Click to read 'Images of Table Mountain’, by David Lurie

Table Mountain is one of the most recurrent literary, cultural and artistic icons in South African history, signifying changing relations and attitudes towards the Cape (and Africa) over the past five centuries, quite apart from its obvious prominence as a natural and geographical landscape. Whereas it once symbolised all that was strange and enigmatic to the outsider looking in at the Cape of Good Hope, today it ‘speaks’ through the various local inhabitants in different ways with astonishing clarity, variety and diversity.

During his World Environment Day address in 1998, the then State President Nelson Mandela went further and made an analogy between Table Mountain and the nation of South Africa as if their fate was intertwined. South Africa had, he said, embarked on a long, arduous climb, which he likened to an ascent of that mountain, where the determination to succeed was coupled with a collective sense of unity and optimism. Table Mountain as a symbol of unity may be an inspirational ideal; nevertheless, for the moment it remains a symbol of the deep divisions between the haves and have-nots that persists in post-Apartheid Cape Town.

One of the major debates facing the city today and in the foreseeable future is about why the city remains segregated, alienating for black people and fundamentally divided. The question is how to make Cape Town an integrated and thriving metropolis that offers hope and opportunity for all who live here and travel through it? This long overdue debate is a necessary, even if painful, process if we are to figure our way out of the mire of the apartheid city. However, the challenge facing Cape Town is not merely the fact that the working classes and poor live on the periphery of the city. The more immediate, fundamental challenge is the lack of any real social engagement across the class and cultural divides of the city. Middle class Capetonians and business people, who never go into the townships and informal areas of the Cape Flats need to have first-hand experience of those areas in order to develop some sort of common identity with their fellow inhabitants.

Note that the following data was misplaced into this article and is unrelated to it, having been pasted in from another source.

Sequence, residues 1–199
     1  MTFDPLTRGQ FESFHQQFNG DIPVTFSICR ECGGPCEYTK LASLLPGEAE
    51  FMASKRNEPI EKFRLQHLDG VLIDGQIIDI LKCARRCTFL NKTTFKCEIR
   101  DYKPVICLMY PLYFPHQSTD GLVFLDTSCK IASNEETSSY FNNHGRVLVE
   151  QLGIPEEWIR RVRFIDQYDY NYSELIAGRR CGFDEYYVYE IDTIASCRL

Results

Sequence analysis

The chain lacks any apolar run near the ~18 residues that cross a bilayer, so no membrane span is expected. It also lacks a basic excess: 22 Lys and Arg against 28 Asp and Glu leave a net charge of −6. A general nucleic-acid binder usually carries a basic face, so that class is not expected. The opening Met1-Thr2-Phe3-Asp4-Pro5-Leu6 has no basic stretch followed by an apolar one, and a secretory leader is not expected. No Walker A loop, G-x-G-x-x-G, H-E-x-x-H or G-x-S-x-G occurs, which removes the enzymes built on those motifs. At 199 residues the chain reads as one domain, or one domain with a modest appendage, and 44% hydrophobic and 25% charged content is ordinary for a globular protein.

The Provincial government in the Western Cape has declared its intention to “take up arms against the three and a half centuries of political and social oppression and racism that has characterized our past”, which it has called “ Shared Growth in a Home For All”: that is, to transforming the divisive social and economic patterns of our past and to create a sustainable vision of a better and a shared life for all in the Western Cape.

Large-scale intervention is required to make human settlements in the urban core of Cape Town a reality for the poor in the immediate and foreseeable future. But before the physical construction of the new city can be undertaken a process of systematic and extensive dialogue, consultation and social engagement will be needed to guide the process in a sustained and confidence building way: informed urban renewal.

Art and culture can make a significant contribution to this understanding. What I have tried to do in this project is to view the mountain from the perspective of different parts of Cape Town and the different communities in order to explore the socio-economic divisions that remain following the end of apartheid, and that persist despite 10 years of democracy. People who have seen the images  – even well informed Capetonians – have been surprised if not shocked by these views of the city that they were oblivious of.

It is recognized that we will first need to create a social dialogue that enjoins us to take responsibility for reaching common and agreed goals – all in our unique spheres of influence. As a photographer, I hope to make a contribution to this process.

David Lurie
July, 2005